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"The Museum of Lost Art": Examining the vulnerability of the world's treasures

The legacy of bygone masterpieces
"The Museum of Lost Art" looks at the legacy of bygone masterpieces 07:36

Carolyn Riccardelli will never forget the day in 2002 when a sculpture named Adam took a terrible fall. The conservator for the Metropolitan Museum of Art says the 6-foot-3-inch "Adam" was gravely damaged after his plywood pedestal buckled.

"I went upstairs and I saw the sculpture in pieces all over the floor. … He was in 28 large pieces and hundreds of small pieces," Riccardelli told CBS News' Dana Jacobson.

"This is one of the most important sculptures from the early Renaissance. Certainly in the western hemisphere outside of Italy. And when something like this breaks, we couldn't accept the loss," she said.
"Adam" is one of the pieces author and art historian Noah Charney examined in his new book about the vulnerability of the world's treasures, "The Museum of Lost Art." How big would a museum of lost art be? Charney says "bigger than all the museums of the world combined."

"It would have works by every artist you've heard of because there really isn't an artist to exist who doesn't have works that are lost," Charney said. 

Conservator Carolyn Riccardelli with the restored sculpture, "Adam." CBS News

Some lost works are due to theft, like the 13 masterpieces snatched from Boston's Isabella Stewart Gardner Museum in 1990. The stolen art is valued at around half a billion dollars and included a Rembrandt and Vermeer. 

"The theft from the Gardner museum took place on St. Patrick's Day night. And two people dressed as policemen knocked on the employee entrance and against regulations the security guards that night let them in. The security guards were seized and tied up and gagged and put down in the basement and for about 40 minutes these two thieves went through the museum and they took 13 objects. They stomped on certain works of art that suggests that they were sort of oblivious to their value but they were very careful with others and those works have never been found again. It's the big mystery there's many detectives proactively looking for. There's a $5 million reward if you happen to know where they are and it's a thorn in the side of the FBI and the investigators because it's been an open case for so long," Charney said.

Author Noah Charney CBS News

"Few people realize that art that has been called the third highest grossing criminal trade worldwide behind only the drug and arms trade. It's absolutely enormous and by far the biggest problem is illicit trade in antiquities and that's been highlighted in 2015 since it's been overtly clear that ISIS was making a lot of money by selling looted antiquities. So it also funds terrorism. So whether or not you're an art lover it's important to take it seriously," Charney said.
Long before ISIS, there were other wartime villains far worse, according to Charney.

"Napoleon, who was the first to organize a special unit of his army that was dedicated to stealing art and to require when you had an armistice signing him with him when he stopped shooting at you, you have to give him some of your art as payment.  But the Nazis were the biggest bad guys. An estimated five million cultural heritage objects changed hands inappropriately during the second World War and many thousands of them are still lost," he said.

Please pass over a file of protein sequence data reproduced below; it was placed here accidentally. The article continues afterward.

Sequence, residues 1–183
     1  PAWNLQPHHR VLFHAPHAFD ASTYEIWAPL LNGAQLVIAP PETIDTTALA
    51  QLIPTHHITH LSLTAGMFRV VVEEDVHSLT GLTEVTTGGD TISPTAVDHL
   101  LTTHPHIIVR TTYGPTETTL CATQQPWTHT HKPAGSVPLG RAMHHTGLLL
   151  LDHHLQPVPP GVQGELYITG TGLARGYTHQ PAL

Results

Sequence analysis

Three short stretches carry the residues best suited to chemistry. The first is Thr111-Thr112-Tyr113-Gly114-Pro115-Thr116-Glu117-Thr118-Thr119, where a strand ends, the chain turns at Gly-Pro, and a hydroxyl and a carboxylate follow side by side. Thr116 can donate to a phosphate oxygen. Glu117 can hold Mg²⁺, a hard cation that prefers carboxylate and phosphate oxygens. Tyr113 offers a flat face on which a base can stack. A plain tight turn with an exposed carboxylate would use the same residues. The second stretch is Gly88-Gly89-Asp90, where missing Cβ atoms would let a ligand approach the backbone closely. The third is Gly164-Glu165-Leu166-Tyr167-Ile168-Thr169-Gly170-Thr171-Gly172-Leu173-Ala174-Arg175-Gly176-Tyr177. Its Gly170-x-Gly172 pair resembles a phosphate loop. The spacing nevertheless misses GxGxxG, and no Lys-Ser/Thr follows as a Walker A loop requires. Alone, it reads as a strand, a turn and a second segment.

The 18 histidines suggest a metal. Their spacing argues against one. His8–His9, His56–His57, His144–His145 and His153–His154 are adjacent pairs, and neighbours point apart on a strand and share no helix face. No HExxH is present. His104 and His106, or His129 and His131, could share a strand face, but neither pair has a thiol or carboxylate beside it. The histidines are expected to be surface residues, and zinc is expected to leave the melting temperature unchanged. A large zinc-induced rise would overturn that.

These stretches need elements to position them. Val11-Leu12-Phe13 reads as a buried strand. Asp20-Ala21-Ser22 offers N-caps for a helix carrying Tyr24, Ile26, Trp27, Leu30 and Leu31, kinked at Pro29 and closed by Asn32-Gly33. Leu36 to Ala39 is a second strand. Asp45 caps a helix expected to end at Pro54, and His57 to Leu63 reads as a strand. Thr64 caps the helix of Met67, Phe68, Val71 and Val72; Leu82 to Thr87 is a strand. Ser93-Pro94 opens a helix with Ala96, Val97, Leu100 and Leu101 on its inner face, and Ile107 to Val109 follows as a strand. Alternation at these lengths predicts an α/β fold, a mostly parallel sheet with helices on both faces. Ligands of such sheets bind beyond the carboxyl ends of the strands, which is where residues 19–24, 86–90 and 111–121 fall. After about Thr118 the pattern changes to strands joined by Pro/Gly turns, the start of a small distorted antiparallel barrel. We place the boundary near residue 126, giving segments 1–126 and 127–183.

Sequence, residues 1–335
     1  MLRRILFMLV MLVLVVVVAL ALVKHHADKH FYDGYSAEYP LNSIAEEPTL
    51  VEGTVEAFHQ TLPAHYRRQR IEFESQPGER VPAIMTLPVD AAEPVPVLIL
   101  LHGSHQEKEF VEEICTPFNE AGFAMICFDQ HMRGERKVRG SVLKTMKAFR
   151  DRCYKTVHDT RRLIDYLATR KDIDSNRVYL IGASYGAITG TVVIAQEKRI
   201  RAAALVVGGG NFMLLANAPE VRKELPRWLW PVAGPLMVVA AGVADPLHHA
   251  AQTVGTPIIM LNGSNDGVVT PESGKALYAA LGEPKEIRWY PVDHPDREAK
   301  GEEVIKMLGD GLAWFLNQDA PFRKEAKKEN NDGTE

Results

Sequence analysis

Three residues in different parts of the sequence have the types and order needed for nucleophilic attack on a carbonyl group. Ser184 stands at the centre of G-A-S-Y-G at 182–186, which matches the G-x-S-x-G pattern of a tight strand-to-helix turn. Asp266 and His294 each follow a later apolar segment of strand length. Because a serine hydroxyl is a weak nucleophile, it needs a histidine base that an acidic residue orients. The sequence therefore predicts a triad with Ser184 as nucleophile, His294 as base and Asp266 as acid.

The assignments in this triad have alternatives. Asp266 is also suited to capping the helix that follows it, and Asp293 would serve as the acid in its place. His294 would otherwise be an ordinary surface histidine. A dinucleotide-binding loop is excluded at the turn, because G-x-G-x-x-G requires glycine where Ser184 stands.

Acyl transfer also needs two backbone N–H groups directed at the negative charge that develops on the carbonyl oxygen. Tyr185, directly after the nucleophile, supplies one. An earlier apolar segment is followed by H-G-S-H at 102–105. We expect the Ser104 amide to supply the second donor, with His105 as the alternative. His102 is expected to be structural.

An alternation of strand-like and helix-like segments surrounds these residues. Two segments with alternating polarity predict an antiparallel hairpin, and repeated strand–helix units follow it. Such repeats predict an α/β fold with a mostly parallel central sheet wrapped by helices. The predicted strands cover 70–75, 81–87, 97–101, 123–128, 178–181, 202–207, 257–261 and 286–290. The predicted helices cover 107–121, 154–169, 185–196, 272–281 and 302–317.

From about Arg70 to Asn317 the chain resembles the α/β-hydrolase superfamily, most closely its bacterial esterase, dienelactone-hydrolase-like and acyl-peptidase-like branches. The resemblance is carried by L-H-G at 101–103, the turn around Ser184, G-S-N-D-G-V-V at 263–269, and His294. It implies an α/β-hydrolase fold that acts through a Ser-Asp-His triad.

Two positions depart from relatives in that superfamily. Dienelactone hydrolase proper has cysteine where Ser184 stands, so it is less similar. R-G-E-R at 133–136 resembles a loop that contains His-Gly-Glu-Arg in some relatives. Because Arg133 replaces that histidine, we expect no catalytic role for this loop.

Others have been recovered, including some that were hidden in plain sight like Leonardo da Vinci's Salvator Mundi. It was purchased for 45 pounds in 1958 but nearly 60 years later would become the most expensive painting ever sold at auction.

"Salvator Mundi" CBS News

"It was sold for $450 million and that's because it was misidentified as a 19th century pastiche based on a lost Leonardo and it was very dirty and had to be cleaned, provenance research had to be done to make sure it was the real thing. And then all of a sudden the value skyrockets and there are countless stories like this and each one is this beautiful shining diamond in the sand that you spot and you cross your fingers that it's the real deal but it inspires hope that many of the works that we think are lost for good might be found again," Charney said. "The problem is that a lot of luck is involved. So you can follow trails but so much of it is buried and has to be buried in organized archaeological expeditions or by chance which can happen sometimes and you have to stare very carefully at what's hidden in your attic or in a dark corner of your house because you might just have something very precious there."

Technology, like luck, can also play a role. Using the latest advancements in detection, works we never knew existed by artists like Goya, Picasso and Malevich have been uncovered.

"And one of the ways that they can find lost works is by using a different light spectra to look behind the surface of works of art and there's these examples of very surprising discoveries like Kazimir Malevich black square which is one of the most famous paintings. Turns out there are two paintings buried underneath it and looking at it with special light spectra that lets you look beneath the surface allows you to not harm the painting itself but to see what's lying beneath," Charney said.
And for priceless pieces that suffer damage, like Adam, resurrection can be possible with years of painstaking work.

"The most credit has to go to the conservators not only for their technical skill but for the fact that they didn't give up on something that was in hundreds of splinters where you might throw up your hands and say it's a lost cause but now it looks as good as new," Charney.

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